campaign. It was not expected for them to get as many as 20 -- 45%.


Because they got as many as that, the no side found themselves under


pressure to firm up its offer in terms of more devolution for


Scotland within the framework of the UK, making this building here more


powerful than it is already. And as a result of that, Scotland is going


to change. It is going to find its constitutional check -- status will


change anyway. Indeed, public support for the status quo is now


down to 20%. We now move on to the arguments about the detail of


devolution. In the resignation of Alex Salmond, have we lost a great


figure? I think that we have to recognise that this is a man who


inherited a party with about three MPs which was in a weak position and


he ended up becoming its first parliamentary leader in government


and the did not succeed in taking his party across the waters to the


promised land of independence, but he certainly brought them to the


side of the river bank. For that, he would clearly be remembered. He has


also managed to remain -- to become a remarkably popular politician for


somebody who has been in power for seven years. But he has form in


terms of surprising us by resigning. He first resigned as SNP leader in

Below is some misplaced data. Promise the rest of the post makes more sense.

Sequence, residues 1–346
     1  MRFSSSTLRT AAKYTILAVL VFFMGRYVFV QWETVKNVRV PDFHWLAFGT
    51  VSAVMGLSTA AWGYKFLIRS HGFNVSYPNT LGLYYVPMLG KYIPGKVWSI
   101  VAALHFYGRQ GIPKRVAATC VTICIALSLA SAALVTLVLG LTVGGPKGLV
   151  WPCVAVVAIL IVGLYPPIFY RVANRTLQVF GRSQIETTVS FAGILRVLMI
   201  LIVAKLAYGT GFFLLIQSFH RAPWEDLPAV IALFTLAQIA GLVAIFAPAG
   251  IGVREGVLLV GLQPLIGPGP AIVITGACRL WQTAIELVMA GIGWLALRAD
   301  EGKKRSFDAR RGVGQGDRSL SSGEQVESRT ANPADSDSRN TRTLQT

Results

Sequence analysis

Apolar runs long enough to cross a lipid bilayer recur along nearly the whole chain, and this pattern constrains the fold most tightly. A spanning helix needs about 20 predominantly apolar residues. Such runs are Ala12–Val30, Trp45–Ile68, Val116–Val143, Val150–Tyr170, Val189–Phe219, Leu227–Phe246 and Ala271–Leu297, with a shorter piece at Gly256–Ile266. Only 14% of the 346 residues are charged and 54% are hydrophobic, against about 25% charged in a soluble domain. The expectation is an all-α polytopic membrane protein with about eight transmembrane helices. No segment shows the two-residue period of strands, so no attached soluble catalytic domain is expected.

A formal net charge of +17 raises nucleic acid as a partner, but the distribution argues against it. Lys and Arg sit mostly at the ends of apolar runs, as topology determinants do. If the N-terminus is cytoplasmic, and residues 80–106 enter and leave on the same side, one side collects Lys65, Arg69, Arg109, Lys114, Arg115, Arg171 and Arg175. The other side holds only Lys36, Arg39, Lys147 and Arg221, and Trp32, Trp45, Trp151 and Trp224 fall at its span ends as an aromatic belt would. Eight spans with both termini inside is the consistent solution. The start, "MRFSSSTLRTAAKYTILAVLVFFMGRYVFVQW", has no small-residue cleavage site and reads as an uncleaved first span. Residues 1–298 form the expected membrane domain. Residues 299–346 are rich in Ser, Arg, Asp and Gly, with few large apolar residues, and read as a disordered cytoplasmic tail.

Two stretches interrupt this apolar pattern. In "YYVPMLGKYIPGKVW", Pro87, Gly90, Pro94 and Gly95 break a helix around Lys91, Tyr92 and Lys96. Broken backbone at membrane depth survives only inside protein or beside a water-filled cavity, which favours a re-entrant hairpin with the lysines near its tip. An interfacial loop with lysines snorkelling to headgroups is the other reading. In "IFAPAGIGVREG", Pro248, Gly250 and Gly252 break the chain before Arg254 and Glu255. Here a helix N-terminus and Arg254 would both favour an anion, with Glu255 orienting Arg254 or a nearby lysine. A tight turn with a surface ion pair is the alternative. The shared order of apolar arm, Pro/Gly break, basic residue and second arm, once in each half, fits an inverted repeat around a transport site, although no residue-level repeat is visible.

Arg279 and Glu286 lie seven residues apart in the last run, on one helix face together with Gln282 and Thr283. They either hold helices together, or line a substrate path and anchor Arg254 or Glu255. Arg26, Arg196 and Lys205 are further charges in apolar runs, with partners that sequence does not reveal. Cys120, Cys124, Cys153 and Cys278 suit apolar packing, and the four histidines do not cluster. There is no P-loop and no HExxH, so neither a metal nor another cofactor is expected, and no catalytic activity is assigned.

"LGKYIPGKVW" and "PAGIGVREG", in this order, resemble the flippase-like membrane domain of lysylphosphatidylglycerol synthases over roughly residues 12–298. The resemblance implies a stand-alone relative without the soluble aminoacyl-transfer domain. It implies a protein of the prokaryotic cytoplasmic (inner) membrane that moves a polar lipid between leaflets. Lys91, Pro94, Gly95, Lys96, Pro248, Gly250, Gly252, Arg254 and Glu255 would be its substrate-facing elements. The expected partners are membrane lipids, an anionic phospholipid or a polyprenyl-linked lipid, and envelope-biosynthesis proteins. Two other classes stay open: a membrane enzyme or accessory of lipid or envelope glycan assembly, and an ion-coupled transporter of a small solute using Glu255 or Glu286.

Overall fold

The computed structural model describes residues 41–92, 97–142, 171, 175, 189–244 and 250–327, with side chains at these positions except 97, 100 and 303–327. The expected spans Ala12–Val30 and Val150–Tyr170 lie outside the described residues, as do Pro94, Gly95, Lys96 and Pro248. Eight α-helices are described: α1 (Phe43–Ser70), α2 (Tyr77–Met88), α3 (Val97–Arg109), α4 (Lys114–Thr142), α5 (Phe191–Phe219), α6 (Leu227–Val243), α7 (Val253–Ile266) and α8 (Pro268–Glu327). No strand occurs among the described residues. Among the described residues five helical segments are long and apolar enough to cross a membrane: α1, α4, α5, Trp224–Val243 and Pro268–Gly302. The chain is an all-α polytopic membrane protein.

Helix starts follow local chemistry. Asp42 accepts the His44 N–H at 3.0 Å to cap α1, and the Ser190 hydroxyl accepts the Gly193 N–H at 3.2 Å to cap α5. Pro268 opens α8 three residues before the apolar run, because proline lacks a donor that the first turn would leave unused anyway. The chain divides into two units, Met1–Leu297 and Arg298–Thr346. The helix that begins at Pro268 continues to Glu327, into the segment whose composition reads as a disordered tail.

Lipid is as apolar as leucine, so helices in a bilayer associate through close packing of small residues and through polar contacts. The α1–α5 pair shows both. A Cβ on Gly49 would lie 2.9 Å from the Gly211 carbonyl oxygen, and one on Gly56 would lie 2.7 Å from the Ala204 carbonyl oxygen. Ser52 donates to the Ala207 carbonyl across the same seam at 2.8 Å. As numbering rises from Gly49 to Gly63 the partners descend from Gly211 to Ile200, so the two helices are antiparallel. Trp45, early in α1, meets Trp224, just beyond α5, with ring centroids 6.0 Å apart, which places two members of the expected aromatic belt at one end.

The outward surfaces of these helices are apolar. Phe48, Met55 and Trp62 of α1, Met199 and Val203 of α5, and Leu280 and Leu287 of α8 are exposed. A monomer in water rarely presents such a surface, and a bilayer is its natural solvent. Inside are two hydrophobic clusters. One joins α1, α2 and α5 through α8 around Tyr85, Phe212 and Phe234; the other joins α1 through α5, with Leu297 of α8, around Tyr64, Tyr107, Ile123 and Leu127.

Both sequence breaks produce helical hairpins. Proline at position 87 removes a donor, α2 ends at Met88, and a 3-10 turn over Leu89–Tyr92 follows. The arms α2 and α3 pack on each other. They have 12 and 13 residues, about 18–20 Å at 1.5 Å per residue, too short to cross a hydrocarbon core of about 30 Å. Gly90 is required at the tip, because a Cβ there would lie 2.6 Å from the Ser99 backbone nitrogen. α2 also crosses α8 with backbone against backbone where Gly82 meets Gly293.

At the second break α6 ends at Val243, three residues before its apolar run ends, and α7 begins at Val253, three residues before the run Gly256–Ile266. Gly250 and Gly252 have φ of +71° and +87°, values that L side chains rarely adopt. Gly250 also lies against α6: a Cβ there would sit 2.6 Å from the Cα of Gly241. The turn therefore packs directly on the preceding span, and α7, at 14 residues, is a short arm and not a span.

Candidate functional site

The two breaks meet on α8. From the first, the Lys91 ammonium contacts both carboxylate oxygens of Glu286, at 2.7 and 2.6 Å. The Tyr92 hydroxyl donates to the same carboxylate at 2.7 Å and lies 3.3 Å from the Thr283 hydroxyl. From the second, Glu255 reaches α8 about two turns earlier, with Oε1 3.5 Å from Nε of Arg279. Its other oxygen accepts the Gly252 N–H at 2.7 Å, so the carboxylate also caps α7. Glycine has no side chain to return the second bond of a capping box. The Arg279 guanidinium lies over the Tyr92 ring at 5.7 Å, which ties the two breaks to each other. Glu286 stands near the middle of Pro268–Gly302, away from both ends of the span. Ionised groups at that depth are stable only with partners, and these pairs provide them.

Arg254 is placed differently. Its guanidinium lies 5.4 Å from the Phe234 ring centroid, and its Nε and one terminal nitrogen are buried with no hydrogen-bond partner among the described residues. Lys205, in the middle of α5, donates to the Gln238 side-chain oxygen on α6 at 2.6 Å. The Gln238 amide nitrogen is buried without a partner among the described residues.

the sum of 2000. He also announced he was leaving the Scottish


parliament, which he did for a while. And any came back and now,


all of a sudden, he has decided to leave. I think it means that we will


see a debate inside the Scottish National party about what its stance


in terms of Scotland's constitutional future will be in the


immediate future and in particular, whether it will get involved in


those talks that the Unionist parties want to hold about more


devolution. Thank you. One small point I would like to mention, it is


coming through that 71% of 16 and point I would like to mention, it is


17-year-olds voted here in Scotland. People here are saying they are very


proud of that. So,


the vote in Scotland could have a profound impact on government across


the United Kingdom with new powers for England, Wales and Northern


Ireland as well as Scotland. Dr Mark Elliott is a reader


in public law at the University of Cambridge where he specialises


in constitutional law. a great big new constitutional


headache is now just starting? a great big new constitutional


think that is absolutely right. I think he is very relieved that the


think that is absolutely right. I Particularly because of the


think that is absolutely right. I additional powers for Scotland, that


opens up a new series of questions about how


opens up a new series of questions UK should be treated. Talk is